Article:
Carbohydrate intake

Many studies of endurance athletes suggest that carbohydrate ingestion during exercise 30-60g per hour has benefits for immunity, including reduced levels of stress hormones (which can suppress the immune system at high levels), such as cortisol and adrenaline, and fewer negative effects on blood immune count.

Also, exercising with insufficient carbohydrate as fuel has been shown to have a detrimental effect on the immune system. In practice, look at the carbohydrate content on the labels of your sports bar or gel and take in as much as you need to meet your needs. For instance, gels vary between 20-30g so, on average, you’ll need to ingest one for every 20-30mins of exercise.

Similarly, dehydration increases stress hormone levels and decreases saliva flow, which is important in the fight against infection because it secretes antibodies that fight infections. Research shows that regular fluid intake maintains secretion of anti-microbe’s properties in saliva during prolonged exercise thus helping to fight infection.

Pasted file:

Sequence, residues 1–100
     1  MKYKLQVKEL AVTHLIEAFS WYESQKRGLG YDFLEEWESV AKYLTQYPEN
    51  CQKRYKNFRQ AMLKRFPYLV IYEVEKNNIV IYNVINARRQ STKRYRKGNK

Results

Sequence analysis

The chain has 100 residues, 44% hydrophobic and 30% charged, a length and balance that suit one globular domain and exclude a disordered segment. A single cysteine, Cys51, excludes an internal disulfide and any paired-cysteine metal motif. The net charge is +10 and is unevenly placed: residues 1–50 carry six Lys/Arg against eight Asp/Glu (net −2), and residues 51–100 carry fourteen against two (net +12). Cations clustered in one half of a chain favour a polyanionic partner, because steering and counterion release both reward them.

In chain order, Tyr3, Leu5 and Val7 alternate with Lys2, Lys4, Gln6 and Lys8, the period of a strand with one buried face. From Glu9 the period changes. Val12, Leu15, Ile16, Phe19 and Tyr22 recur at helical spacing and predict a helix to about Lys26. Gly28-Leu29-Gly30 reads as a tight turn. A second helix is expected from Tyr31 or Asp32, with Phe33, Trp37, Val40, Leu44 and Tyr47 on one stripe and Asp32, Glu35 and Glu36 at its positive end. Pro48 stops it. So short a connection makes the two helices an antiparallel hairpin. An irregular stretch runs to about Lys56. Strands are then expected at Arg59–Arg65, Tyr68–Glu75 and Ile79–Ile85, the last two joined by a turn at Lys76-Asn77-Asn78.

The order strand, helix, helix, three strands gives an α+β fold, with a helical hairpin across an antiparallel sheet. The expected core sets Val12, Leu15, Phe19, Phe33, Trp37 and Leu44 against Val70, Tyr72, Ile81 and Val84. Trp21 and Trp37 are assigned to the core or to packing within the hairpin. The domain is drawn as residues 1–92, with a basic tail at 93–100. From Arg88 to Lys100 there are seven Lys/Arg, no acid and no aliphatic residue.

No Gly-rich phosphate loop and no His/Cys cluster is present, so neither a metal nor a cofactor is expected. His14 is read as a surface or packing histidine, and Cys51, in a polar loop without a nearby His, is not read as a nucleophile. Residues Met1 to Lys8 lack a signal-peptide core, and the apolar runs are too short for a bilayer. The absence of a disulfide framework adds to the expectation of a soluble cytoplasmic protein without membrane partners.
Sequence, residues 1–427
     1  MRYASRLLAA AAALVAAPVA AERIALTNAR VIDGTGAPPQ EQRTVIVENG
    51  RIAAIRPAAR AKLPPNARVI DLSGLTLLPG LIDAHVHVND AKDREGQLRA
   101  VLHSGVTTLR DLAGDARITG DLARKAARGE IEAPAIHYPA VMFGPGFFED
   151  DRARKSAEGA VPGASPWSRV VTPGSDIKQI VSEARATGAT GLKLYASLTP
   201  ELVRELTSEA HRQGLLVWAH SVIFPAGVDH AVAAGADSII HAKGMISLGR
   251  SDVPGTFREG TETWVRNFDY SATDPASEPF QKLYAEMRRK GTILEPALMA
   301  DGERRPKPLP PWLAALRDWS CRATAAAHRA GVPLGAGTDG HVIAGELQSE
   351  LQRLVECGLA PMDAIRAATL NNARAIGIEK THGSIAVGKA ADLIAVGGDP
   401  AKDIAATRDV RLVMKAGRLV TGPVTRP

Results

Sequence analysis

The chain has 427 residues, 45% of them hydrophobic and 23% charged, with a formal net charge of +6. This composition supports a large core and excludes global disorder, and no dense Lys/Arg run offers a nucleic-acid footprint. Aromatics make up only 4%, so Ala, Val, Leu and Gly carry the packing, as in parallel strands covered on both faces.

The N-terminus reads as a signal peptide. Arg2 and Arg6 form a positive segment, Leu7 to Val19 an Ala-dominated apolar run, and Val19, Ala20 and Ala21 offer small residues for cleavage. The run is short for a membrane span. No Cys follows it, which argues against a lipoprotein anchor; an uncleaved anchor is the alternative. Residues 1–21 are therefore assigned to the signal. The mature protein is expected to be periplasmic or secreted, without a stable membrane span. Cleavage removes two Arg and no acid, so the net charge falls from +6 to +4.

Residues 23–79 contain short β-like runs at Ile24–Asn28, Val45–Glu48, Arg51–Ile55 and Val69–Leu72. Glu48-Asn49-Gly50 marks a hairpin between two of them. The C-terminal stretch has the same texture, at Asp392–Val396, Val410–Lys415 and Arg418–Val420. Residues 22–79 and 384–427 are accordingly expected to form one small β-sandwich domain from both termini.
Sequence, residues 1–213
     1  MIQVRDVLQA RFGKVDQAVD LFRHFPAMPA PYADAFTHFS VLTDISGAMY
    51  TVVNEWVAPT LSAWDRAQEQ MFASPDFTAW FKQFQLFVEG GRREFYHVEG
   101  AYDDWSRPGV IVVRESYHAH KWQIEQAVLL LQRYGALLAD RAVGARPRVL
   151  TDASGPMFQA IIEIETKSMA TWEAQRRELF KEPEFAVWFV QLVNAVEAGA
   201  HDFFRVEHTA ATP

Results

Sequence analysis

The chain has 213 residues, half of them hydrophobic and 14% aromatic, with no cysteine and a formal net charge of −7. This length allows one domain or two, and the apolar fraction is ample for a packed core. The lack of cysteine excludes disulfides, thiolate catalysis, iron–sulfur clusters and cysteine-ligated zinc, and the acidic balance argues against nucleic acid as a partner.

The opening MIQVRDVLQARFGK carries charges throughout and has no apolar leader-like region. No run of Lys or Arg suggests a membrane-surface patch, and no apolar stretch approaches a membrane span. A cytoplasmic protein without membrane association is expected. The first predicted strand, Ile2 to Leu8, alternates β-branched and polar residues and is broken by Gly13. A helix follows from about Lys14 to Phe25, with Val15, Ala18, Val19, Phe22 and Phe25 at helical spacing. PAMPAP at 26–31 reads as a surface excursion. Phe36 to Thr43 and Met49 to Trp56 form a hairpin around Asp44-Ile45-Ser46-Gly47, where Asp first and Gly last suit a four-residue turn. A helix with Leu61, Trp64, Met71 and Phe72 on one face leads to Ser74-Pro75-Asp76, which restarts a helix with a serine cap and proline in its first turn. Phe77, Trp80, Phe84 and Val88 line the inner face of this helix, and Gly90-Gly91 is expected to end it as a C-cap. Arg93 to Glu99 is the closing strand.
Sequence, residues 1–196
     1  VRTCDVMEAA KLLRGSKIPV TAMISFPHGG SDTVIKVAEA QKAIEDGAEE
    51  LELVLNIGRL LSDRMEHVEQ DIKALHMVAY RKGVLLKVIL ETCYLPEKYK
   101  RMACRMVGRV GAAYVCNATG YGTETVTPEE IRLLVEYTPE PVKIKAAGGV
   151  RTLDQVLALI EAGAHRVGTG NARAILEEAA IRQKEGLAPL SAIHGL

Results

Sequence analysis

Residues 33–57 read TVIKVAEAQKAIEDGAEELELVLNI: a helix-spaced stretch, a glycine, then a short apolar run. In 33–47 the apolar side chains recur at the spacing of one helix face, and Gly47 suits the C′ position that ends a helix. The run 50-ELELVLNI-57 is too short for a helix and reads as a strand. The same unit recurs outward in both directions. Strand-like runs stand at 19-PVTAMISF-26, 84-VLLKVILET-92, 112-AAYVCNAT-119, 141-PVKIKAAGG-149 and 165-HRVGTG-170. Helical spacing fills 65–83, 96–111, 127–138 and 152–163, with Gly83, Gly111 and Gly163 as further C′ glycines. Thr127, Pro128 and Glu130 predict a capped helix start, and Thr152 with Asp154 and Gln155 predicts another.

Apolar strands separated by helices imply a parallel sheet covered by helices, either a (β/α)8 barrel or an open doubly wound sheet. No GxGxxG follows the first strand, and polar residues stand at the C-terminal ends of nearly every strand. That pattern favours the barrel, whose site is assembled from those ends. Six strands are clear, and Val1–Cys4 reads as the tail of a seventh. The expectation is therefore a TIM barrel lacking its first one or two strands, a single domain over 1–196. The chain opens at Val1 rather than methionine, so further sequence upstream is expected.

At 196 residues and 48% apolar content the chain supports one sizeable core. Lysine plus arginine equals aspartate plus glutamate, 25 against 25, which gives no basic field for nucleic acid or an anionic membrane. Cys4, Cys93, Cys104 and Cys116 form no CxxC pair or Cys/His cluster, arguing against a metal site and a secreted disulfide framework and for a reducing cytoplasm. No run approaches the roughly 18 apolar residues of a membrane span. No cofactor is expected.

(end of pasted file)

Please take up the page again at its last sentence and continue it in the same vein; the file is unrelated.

Iron and zinc

Iron and zinc are the most common mineral deficiencies seen in triathletes, which is far from ideal as both have a role in a strong immune system.

Iron has numerous functions, but its main requirement in the body concerns the haem part of haemoglobin, needed to carry oxygen around the body. Sadly, low iron levels are common, particularly prevalent in female endurance athletes due to loss of blood during menstruation. Symptoms of deficiency are tiredness and fatigue, breathlessness during exertion, pale skin and poor resistance to infections.

But beware: don’t just pop out to your local health shop and purchase iron supplements. Excessive supplementation when not required is toxic and can have serious side-effects. Conversely, unnecessary supplementation can actually increase the chance of infection rather than reduce it.